2007 Spring Valley Vineyard "Uriah" Walla Walla Valley Red Wine

SKU #1055020

92 points from Wine Spectator: "Tight, with a red pepper edge to the cherry, currant and multiple spice flavors, echoing impressively on the mildly chewy finish. Needs time to gain some flesh. Merlot, Cabernet Franc, Petit Verdot and Malbec. Best from 2011 through 2017. 2,600 cases made." (April 30, 2010) 92 points Wine Enthusiast: "This new Uriah is 60% Merlot, 28% Cabernet Franc, 6% Petit Verdot and 6% Malbec - all estate-grown. It offers more complexity and detail than the rest of the Spring Valley line-up., and carries its almost 15% alcohol well. Whiffs of wood smoke, tobacco, and marzipan lead into a lovely mix of red fruits, spices and barrel flavors. It's just a bit hot in the finish; and the tannins seem attenuated, but that may be due to its youth. A fine bottle." (05/10) 92+ points Robert Parker's Wine Advocate: "The 2007 Uriah Merlot Blend contains 60% Merlot, 28% Cabernet Franc, with the balance Petit Verdot and Malbec. It is considerably more complex aromatically than the Muleskinner cuvee with enticing notes of black fruits and Asian spices. Full-bodied and still tightly wound on the palate, this structured offering will benefit from several more years of cellaring. Well-balanced, smooth-textured, and long, it will have a drinking window extending from 2014 to 2027." (08/10)

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Price: $39.99

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 By: psusfca |  Review Date: 8/18/2010 
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Year in, year out, the Uriah from Spring Valley is one of my favorite wines. It is just so yummy - structure, some tannins, fruit, all there. And the finish lingers. If you have not tried this one yet, do it. This wine would easily be double if it were from Napa or Sonoma fruit.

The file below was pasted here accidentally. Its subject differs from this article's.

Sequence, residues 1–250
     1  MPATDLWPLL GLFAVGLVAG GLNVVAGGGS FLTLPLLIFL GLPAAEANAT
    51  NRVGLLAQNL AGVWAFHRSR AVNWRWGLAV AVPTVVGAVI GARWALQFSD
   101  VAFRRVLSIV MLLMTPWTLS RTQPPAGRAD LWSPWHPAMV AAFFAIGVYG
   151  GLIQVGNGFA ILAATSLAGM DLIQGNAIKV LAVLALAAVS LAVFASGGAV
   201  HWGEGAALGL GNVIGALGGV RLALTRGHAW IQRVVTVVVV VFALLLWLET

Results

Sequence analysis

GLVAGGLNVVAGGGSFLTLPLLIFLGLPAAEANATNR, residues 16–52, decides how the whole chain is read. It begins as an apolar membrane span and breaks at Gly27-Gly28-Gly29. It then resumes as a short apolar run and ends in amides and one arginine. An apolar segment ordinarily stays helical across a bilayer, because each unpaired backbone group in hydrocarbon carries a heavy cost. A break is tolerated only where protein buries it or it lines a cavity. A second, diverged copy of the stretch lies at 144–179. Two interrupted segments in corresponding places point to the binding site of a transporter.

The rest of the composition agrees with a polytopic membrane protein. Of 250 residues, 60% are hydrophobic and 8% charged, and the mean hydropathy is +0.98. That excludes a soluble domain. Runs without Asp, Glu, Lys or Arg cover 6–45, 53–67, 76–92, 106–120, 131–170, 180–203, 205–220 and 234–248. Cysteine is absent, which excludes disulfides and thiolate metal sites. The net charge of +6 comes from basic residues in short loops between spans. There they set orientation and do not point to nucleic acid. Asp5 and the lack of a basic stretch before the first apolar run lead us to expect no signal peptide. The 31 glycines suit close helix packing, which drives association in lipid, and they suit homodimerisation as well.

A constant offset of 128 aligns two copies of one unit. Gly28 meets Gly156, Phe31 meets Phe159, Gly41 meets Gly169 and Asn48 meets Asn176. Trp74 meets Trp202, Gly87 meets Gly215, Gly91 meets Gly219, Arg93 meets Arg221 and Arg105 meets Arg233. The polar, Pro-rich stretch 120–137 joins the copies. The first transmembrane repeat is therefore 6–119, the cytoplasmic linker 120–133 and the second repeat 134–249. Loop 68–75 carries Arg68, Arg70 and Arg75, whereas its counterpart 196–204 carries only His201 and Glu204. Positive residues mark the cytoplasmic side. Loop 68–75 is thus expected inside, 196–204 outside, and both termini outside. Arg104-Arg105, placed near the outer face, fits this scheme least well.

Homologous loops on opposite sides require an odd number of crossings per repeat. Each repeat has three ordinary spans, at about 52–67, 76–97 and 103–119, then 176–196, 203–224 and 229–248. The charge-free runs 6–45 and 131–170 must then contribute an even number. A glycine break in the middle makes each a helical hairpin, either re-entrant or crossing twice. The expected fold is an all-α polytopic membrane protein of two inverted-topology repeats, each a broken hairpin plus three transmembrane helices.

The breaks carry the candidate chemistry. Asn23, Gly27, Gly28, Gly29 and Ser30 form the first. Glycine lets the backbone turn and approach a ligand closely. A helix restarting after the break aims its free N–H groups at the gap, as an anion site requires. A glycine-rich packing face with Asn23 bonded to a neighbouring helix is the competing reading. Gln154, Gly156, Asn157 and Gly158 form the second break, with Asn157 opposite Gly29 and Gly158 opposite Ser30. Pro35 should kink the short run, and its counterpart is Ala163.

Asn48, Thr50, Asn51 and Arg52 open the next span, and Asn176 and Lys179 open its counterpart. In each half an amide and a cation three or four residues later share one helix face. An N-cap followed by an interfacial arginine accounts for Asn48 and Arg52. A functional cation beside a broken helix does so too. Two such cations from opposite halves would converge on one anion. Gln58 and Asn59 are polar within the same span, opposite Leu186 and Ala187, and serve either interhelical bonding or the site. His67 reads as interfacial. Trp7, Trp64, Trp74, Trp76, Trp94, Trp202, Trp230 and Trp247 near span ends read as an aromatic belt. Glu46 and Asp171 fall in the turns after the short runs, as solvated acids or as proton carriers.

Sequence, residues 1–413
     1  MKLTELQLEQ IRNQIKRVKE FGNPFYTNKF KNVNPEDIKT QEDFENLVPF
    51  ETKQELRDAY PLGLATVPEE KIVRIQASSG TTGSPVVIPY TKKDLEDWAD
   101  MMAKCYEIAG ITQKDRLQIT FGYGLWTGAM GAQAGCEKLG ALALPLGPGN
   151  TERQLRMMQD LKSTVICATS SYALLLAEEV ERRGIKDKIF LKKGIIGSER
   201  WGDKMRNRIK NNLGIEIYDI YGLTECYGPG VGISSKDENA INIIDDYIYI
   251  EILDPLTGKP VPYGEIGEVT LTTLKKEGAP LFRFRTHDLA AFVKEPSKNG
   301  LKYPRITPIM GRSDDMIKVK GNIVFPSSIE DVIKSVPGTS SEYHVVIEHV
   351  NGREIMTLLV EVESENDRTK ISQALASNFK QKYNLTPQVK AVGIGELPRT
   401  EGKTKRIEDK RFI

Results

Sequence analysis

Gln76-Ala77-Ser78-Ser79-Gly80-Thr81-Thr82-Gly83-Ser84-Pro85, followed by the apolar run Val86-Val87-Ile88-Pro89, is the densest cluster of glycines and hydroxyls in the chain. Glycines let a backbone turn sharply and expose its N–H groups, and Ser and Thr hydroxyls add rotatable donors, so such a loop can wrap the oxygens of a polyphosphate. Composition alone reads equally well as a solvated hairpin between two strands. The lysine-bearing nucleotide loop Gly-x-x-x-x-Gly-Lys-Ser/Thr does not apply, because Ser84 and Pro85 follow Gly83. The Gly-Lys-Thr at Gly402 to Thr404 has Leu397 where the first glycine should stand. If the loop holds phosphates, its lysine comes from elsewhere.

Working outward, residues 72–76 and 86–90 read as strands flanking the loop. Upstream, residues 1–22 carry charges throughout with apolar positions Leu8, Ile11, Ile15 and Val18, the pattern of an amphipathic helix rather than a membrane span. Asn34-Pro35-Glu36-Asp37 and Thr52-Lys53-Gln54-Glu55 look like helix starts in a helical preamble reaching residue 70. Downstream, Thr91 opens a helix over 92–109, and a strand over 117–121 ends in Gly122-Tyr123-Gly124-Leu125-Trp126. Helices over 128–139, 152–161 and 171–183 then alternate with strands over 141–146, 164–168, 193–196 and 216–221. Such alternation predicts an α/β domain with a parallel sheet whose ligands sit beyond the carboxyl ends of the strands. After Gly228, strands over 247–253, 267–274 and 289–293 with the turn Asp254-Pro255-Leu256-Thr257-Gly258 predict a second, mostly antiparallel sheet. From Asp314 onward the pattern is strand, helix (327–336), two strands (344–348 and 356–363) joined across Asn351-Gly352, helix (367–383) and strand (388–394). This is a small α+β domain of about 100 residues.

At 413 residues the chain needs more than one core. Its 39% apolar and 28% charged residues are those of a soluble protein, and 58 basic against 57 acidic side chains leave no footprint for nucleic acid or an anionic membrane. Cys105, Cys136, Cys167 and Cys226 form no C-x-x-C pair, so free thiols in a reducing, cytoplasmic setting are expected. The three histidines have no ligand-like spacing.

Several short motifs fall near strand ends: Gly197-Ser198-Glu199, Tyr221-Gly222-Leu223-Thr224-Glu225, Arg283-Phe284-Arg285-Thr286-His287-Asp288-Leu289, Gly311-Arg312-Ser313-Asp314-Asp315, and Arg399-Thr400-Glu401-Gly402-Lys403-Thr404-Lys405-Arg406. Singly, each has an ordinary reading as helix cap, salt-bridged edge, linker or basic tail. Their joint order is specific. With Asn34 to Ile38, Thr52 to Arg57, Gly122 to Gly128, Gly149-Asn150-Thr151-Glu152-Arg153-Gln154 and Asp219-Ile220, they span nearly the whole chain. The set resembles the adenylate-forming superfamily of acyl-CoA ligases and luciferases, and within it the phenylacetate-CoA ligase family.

Additional Information:

Varietal:

Cabernet Sauvignon and Blends

- Cabernet Sauvignon has come a long way from its role as a blending varietal, however dominant, in the wines of Bordeaux. Today it is the most planted red varietal in the world. Identified as a descendent of Cabernet Franc and Sauvignon Blanc, the late-ripening Cabernet Sauvignon needs to be planted in warmer climates to fully ripen. Its small berries can easily be identified for their distinctive blue color, thick skins and high tannins. And while the varietal has its own definitive characteristics: green pepper-like aromas and black currant flavors among them, it is perhaps most prized for its ability to convey terroir, vintage and winemaking. A relatively new varietal, Cabernet Sauvignon started making inroads into the wines of the Médoc and Graves in the late-18th century. Today it is also dominant in the up-and-coming Entre-Deux-Mers region of Bordeaux and can also be found in Southwest France. It is the companion varietal to Sangiovese in Italy's Super Tuscans and is planted all over Europe, stretching to lesser-known winegrowing regions like Russia and Lebanon. In the Americas Cabernet Sauvignon has found champions in every nook and cranny of California and among winemakers in Washington, where it complements plantings of Merlot. In South America, Cab thrives in Chile, but can also be found in smaller amounts in Argentina and even in Mexico.
Country:

United States

- When people consider domestic wine, they normally think about the state of California. The fine viticultural Region within California, including the Napa Valley, Sonoma, Santa Cruz Mountains, Mendocino and Santa Barbara, are capable of growing grapes of world-class quality. But there's plenty of fabulous wine coming from other states, too. Oregon, Washington and New York are also causing eyebrows (and glassware) to be raised around the world. Click for a list of bestselling items from the United States.
Sub-Region:

Washington

- Washington has become one of the most important wine producing states in the United States, and development continues to grow rapidly. In 1969, when California was exploding as a wine producer, Washington had only two wineries, but by 2000 that number had passed 100. Most of Washington's grape crop goes to uses other than wine. Merlot and Chardonnay have been the most successful in Washington. It's interesting to note that Washington's prime wine regions are located at 46° north, along the same latitude as the legendary French wine districts of Bordeaux and Burgundy. During the summer, Washington averages more than two hours more sunlight each day compared to California.